Authorities arrested a 16-year-old boy Saturday who allegedly used a customer courtesy phone at a Southern New Jersey Wal-Mart to harass black clientele.
"Attention, Wal-Mart customers: All black people, leave the store now," the boy reportedly said over loud speaker March 14.
Now, police have charged the unnamed boy with bias, intimidation and harassment. He faces up to a year in a juvenile detention center, if found guilty, the New York Times reports.
It's hard to imagine how I would've reacted had I been in the store when those words rang out over the intercom. I likely would have stopped in my tracks, not quite believing I'd heard them. Once reality set in, however, so would my indignation.
Just like "driving while black" can set African Americans on edge, "shopping while black" can as well. Even in contemporary America, black customers continue to be followed around in stores, ignored when they seek to be waited on and expected not to be able to afford expensive goods. With such baggage, the last thing African American Wal-Mart shoppers needed to hear that day was someone ordering them to leave. And, while adult black shoppers probably quickly regrouped from the episode, the same may not be true for any children in the store, no matter their skin color. March 14, 2010, may have marked the first time any kids in the store realized that black people are often unwanted. Thus, in a matter of seconds, the teenager who hijacked the intercom may have done damage that will take weeks, months or, possibly even, years to overcome.
Given this, you might think I want the suspect to rot in juvie for a year. Actually, the opposite is true. I don't see how sending this teen away with kids probably more disturbed than he is for 12 months will help matters. Will the suspect change his views of blacks if detained for a year? Will he realize why his remarks hurt others? Likely not. Accordingly, rather than send the suspect to jail, I'd suggest giving him some racial sensitivity training, along with making him do community service at a civil rights organization. If this isn't a teachable moment, I don't know what is.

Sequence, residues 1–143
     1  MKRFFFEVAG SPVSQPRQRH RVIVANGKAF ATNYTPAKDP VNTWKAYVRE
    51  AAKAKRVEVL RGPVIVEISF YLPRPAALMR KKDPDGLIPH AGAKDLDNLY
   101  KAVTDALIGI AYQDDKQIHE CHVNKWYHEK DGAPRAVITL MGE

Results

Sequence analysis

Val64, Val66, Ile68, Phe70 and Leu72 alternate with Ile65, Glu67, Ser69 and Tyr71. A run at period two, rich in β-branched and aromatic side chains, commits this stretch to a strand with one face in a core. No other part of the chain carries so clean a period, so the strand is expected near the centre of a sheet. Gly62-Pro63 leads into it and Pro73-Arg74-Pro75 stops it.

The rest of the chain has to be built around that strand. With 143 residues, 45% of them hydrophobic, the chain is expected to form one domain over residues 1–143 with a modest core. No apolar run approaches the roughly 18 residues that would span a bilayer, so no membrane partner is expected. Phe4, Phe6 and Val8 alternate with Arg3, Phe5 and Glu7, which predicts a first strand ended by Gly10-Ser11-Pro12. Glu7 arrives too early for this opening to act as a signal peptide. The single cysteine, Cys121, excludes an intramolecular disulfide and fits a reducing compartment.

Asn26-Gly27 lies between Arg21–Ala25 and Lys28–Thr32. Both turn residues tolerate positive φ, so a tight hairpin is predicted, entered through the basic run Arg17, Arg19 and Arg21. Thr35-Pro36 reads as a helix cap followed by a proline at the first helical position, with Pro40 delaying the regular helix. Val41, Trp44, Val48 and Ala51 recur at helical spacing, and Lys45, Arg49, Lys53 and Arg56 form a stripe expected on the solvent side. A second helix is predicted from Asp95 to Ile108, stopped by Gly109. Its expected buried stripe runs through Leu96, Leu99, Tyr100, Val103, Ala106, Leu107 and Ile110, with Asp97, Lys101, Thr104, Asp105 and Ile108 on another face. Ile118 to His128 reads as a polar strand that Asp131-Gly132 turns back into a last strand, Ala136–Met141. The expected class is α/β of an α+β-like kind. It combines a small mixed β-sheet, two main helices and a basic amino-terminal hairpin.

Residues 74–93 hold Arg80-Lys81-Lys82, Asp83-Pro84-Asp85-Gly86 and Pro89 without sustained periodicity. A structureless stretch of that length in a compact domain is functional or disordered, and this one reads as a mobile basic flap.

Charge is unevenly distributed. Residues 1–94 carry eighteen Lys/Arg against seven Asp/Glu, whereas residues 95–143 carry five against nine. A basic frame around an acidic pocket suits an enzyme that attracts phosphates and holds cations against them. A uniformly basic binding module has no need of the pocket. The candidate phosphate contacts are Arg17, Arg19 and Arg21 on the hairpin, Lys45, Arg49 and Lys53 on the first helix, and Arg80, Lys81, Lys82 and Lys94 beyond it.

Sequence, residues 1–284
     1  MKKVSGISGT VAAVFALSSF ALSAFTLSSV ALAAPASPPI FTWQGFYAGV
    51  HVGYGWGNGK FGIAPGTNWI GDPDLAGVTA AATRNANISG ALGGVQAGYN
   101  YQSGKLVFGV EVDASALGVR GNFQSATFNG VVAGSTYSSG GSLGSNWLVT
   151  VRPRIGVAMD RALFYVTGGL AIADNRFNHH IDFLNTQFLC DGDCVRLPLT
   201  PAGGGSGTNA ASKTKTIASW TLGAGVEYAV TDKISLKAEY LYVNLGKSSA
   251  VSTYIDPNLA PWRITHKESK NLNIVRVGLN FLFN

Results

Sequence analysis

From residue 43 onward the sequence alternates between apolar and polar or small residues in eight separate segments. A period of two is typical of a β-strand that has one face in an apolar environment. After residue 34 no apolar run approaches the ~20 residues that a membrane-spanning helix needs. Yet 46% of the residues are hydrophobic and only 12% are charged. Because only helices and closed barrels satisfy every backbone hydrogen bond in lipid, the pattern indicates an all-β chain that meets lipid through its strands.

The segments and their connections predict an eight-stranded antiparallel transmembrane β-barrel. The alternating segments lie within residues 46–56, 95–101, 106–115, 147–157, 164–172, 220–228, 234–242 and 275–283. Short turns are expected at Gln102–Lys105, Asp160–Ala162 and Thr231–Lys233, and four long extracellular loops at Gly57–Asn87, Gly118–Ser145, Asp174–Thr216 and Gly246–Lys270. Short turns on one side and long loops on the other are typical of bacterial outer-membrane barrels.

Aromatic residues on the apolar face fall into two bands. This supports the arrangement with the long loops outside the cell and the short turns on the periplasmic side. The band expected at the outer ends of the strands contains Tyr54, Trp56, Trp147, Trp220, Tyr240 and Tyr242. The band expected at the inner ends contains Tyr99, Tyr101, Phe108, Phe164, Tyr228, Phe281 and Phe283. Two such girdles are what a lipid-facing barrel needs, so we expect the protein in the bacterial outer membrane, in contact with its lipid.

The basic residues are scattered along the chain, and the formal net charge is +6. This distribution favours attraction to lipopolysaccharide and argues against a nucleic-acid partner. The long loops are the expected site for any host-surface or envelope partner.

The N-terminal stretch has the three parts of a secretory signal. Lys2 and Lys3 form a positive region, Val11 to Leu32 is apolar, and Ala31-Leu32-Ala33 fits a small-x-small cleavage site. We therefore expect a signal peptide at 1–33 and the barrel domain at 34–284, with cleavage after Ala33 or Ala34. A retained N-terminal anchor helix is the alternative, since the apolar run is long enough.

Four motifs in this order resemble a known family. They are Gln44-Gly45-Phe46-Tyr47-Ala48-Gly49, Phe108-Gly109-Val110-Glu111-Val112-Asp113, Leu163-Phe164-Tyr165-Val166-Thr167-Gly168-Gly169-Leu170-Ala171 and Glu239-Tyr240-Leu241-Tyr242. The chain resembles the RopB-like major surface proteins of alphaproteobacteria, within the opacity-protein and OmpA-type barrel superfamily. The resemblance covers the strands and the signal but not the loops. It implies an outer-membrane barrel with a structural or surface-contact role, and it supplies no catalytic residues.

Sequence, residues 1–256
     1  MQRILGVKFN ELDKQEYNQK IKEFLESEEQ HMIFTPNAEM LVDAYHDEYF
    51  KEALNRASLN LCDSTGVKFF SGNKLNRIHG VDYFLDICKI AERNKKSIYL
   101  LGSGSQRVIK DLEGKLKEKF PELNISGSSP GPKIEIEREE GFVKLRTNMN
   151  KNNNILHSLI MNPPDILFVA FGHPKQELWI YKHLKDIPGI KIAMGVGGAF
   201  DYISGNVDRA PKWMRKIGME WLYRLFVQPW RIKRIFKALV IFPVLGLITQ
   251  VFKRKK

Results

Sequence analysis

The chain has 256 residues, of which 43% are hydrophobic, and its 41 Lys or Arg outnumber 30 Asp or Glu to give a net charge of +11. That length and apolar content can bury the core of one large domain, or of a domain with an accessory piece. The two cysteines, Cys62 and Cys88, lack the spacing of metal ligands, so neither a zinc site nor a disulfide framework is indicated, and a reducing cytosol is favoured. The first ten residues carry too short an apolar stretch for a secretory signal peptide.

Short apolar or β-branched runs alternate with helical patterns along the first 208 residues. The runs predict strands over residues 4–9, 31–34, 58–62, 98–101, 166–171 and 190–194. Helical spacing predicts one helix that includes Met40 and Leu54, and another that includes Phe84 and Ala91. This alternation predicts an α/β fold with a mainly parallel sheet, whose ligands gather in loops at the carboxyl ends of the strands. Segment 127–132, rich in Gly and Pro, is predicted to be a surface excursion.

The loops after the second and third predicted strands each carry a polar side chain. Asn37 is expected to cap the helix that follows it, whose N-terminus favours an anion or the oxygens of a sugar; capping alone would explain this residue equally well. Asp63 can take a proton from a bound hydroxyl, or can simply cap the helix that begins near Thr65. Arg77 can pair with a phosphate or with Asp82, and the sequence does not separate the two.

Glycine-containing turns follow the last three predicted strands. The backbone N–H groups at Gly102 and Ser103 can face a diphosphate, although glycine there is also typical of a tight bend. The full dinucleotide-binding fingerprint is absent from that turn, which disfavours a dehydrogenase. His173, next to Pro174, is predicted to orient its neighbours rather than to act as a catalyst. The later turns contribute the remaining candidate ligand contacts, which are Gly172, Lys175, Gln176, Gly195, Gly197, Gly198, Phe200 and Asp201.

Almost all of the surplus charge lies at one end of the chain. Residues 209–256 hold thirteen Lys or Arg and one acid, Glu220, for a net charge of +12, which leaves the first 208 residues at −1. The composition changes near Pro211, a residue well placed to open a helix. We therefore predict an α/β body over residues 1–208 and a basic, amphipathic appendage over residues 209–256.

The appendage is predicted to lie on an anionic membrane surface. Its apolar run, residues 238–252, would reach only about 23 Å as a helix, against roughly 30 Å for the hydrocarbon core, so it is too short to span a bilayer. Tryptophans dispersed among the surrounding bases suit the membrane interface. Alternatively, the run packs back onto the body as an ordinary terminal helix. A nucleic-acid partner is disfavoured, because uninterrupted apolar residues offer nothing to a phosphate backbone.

I not only question how helpful juvenile detention will be in this situation but also what the suspect's motives here were. Does he harbor a true bias against black people, or did a friend dare him to make the remark over the intercom, and he thoughtlessly complied? Teenagers, of course, make impulsive decisions, ones that don't always reflect their true nature. That's why it's important to know if the suspect is a young racist who wanted to spread his ideology of hate in public or a knucklehead who made a rash decision to get a rise out of people using racism.
Until these details are known, I'm unwilling to rush to judgment.